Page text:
A permanent labor certification issued by the Department of Labor (DOL)
permits an employer to hire a foreign worker to work permanently in the
United States. A certified labor certification shows that there are not
sufficient U.S. workers able, willing, qualified, and available to accept
the job opportunity in the area of intended employment and that employment
of the foreign worker will not adversely affect the wages and working
conditions of similarly employed U.S. workers. In most instances, obtaining
a certified labor certification application form from the DOL is first
of the three-stage process of obtaining an employment-based green card.
The second and third stages are filing an employment-based immigrant petition
(Form I-140) with USCIS by an U.S. employer, and filing an adjustment
of status application (Form I-485) by the foreign worker, respectively.
To improve the operations of the labor certification program, the DOL implemented
a streamlined process for processing labor certification known as PERM
(Program Electronic Review Management), effective March 28, 2005. The
form used for the PERM labor certification is ETA Form 9089 Application
for Permanent Employment Certification.PERM is a three-step process:
Step 1: Prevailing Wage Determination
The sponsoring employer requests the DOL to make a Prevailing Wage Determination
(PWD). The request (Form ETA 9141) provides the DOL with information about
the job opportunity offered to the foreign worker, including job requirements,
job duties, and worksite location. The DOL uses this information to issue
the employer a PWD, which states the minimum salary for the specific job
position in the specific worksite location. This is the minimum salary
that the foreign worker has to be paid when he or she receives the green
card. Because the prevailing wage for a job position can vary greatly
from one geographic location to another, it is important that the employer
provide accurate information about the worksite location on the prevailing
Step 2: Advertisement and Recruitment
After the prevailing wage is determined, the second step of the PERM process
is recruitment. This is the most crucial step as the purpose of the PERM
process is to demonstrate to the DOL that there is no able, willing, qualified,
and available U.S. worker to accept the job opportunity offered to the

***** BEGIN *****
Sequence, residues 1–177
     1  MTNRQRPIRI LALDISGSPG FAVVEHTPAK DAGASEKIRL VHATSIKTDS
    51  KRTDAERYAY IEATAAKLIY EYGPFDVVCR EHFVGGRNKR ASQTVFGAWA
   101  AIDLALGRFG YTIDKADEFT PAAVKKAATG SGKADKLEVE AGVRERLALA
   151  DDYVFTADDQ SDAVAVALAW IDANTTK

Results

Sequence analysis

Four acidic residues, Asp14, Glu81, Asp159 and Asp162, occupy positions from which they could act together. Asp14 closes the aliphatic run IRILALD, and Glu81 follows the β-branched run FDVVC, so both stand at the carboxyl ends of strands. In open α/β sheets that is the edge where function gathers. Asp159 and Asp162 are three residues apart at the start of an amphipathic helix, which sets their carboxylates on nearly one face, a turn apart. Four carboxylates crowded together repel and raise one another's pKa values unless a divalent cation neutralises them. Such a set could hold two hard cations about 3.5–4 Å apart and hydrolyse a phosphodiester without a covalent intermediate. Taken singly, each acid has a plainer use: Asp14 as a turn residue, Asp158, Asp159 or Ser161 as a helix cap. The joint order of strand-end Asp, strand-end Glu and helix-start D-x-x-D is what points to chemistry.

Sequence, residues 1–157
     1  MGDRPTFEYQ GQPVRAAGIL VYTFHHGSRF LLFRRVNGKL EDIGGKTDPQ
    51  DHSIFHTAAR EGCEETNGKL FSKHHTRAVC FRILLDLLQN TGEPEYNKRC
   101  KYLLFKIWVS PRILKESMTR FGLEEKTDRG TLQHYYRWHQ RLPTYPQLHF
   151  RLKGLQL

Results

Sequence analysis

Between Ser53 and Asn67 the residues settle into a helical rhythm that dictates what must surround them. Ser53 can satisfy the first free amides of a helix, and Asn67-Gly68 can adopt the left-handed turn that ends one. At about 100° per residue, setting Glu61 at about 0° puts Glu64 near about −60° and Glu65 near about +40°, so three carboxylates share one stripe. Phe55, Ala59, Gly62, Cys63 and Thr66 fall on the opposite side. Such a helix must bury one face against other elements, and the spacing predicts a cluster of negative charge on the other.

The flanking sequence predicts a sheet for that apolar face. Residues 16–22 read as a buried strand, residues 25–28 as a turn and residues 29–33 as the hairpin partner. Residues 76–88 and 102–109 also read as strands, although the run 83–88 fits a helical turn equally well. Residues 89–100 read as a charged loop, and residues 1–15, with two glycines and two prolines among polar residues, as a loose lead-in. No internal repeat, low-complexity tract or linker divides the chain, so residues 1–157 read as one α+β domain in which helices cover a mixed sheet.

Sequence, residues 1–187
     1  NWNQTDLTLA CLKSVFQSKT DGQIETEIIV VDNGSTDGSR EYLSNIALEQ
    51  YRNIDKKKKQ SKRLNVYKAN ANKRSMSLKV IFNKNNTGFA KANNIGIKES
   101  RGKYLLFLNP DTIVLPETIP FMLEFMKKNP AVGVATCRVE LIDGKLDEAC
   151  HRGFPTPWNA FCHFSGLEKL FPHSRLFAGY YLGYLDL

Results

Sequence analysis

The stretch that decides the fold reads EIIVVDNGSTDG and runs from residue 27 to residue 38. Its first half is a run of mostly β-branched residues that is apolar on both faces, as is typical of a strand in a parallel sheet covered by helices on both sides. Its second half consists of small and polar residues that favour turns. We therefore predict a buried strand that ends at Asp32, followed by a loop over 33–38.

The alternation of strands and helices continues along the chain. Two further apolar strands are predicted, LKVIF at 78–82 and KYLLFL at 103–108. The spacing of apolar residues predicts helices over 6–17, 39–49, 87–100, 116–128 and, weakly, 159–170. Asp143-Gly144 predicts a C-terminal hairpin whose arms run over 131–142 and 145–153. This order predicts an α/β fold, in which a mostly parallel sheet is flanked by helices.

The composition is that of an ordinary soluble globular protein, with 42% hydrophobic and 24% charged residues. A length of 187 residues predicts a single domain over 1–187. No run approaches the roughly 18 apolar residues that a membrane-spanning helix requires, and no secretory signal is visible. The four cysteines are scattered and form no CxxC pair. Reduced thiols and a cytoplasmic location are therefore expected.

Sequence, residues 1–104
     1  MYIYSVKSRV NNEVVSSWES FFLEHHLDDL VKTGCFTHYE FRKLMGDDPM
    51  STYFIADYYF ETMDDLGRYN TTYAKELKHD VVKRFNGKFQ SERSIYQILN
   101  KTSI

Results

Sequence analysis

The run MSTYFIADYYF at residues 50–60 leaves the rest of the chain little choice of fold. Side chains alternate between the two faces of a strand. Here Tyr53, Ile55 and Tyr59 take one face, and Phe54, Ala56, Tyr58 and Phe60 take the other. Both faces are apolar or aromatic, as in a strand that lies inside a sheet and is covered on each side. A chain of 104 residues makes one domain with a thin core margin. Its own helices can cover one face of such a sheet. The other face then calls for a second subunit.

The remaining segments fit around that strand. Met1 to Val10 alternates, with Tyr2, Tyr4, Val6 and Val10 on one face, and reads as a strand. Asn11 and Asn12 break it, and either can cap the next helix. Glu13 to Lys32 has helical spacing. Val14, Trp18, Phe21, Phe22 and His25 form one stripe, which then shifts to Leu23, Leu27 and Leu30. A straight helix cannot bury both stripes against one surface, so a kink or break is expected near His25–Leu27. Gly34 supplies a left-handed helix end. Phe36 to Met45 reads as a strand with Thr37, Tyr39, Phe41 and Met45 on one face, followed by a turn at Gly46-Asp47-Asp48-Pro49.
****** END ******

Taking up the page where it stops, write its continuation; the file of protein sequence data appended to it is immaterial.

foreign worker. The recruitment efforts must be in good faith, which means
that the employer must genuinely seek to hire U.S. workers to fulfill
the job position.
The law requires the employer to advertise the job opportunity through
six (6)total forms of media. Note that three forms of advertisement are
mandated and three forms of advertisement are chosen from a list of ten
(10) options, as follows:
- 1) Required: The job announcement must be run for 30 days on the State
Workforce Agency (SWA) website of the state where the job opportunity
- 2) Required: An advertisement needs to be run on 2 consecutive Sundays
in the newspaper of general circulation in the area of intended employment.
- 3) Required: Post the Notice of Job Posting (NOJP) for 10 consecutive business
days at the Employer's Place of Business.
- 4-6) The employer also needs to advertise through any three of the methods
- a) Job search website, i.e. Craigslist, Monster, etc.;
- b) Employer’s website;
- c) Job fairs;
- d) On-campus recruiting;
- e) Trade or professional organizations;
- f) Private employment firms;
- g) An employee referral program, if it includes identifiable incentives;
- h) Notice of the job opening at a campus placement office;
- i) Local and ethnic newspapers, to the extent they are appropriate for
the job opportunity; or
- j) Radio and television advertisements.
Recruitment Timelines: The employer can file ETA Form 9089 with DOL 30
days after all the advertisements have been run. Thus, all advertisement
must take place between 180 and 30 days prior to filing the ETA Form 9089.
Step 3: Submitting ETA Form 9089